One of the perks of being a Rouleur member is getting a magazine through your door with a classy, cool and collectable cover. Our talented contributors give you the back story on each creation – for issue 20.4, London-based illustrator Adam Doughty looked far into cycling’s future.
In late April, I was provided with a detailed brief from Andy McGrath and the team to create a colourful, fun and busy cover illustration to support their futuristic Tour de France 2040 article – a welcome escape from the coronavirus pandemic!
This was my first cycling themed commission [we spotted Adam, pictured below in his studio, and his work in the superb football magazine When Saturday Comes – Ed]. I have however previously enjoyed illustrating bicycles as part of my Transport Timeline illustration series.
I was particularly drawn to the creative and playful nature of the feature. Alongside their ideas, I was however still able to develop my own imaginings. I took reference from retro futuristic posters, previous Tour de France route maps and historical French landmarks. For the hotels featured in the background, I took inspiration from the Brutalist architecture style.
I sketched out my ideas using pencil on paper, playing around with sizing and layouts. I picked three of my strongest ones and developed these into drafts.
Once all of the relevant features had been hand drawn, I added colour and shading on my computer and sent them to the editorial team for review.
They picked the blue and red mountain scene for the cover. I reached for my trusty 0.1 pen and Bristol Board paper pad – I like the traditional approach to drawing rather than a tablet – and commenced with the final version. At this stage, I was able to add the finer details and see it all coming together.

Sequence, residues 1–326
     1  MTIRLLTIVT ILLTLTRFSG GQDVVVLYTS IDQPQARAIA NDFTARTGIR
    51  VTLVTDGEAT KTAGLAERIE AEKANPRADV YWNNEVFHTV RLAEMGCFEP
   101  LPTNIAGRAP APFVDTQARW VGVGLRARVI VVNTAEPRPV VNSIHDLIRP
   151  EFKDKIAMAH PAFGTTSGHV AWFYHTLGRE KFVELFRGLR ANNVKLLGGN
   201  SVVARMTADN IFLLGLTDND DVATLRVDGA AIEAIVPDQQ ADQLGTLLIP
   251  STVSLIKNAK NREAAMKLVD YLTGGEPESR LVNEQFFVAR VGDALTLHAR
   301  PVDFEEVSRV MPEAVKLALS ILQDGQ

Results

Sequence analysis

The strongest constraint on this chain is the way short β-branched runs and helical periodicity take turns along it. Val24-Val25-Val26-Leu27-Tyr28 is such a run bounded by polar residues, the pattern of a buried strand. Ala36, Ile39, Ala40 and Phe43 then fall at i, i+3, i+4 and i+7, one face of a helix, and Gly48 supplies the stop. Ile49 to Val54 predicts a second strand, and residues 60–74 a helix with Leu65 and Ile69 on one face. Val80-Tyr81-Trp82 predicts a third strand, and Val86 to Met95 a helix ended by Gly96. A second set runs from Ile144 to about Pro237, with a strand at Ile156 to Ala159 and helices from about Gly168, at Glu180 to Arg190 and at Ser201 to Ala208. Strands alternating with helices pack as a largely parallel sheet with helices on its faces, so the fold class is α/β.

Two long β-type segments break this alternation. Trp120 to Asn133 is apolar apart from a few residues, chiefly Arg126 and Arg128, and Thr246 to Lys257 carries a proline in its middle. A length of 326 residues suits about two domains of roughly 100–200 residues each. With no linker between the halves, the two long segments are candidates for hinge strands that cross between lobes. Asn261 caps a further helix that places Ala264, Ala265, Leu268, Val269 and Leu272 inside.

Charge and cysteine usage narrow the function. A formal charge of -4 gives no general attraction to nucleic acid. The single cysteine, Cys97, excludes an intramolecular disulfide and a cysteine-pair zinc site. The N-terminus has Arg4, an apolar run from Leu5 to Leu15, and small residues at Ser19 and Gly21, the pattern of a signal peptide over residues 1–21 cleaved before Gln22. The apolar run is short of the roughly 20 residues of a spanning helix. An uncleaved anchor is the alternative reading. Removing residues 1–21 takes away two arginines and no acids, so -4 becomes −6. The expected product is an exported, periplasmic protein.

The biggest challenge I encountered was having to illustrate a hologram of Marc Madiot. A holographic illustration is not something that I have tried before, so it took me a couple of attempts to capture the effect.
I think my favourite imagined feature is the Tour de France arch complete with built-in speakers, rotating 360 degrees around a road – quite a feat of engineering.
There were a few concepts that did not make it into the final version too. These include a monorail providing spectators with breath-taking views and a blocky, brutalist mountain where upon reaching the summit, cyclists would activate hover mode and fly off. Imagine that.
Lastly, it was a pleasure to create for Rouleur – and I look forward to teleporting to the Tour de France in 2040!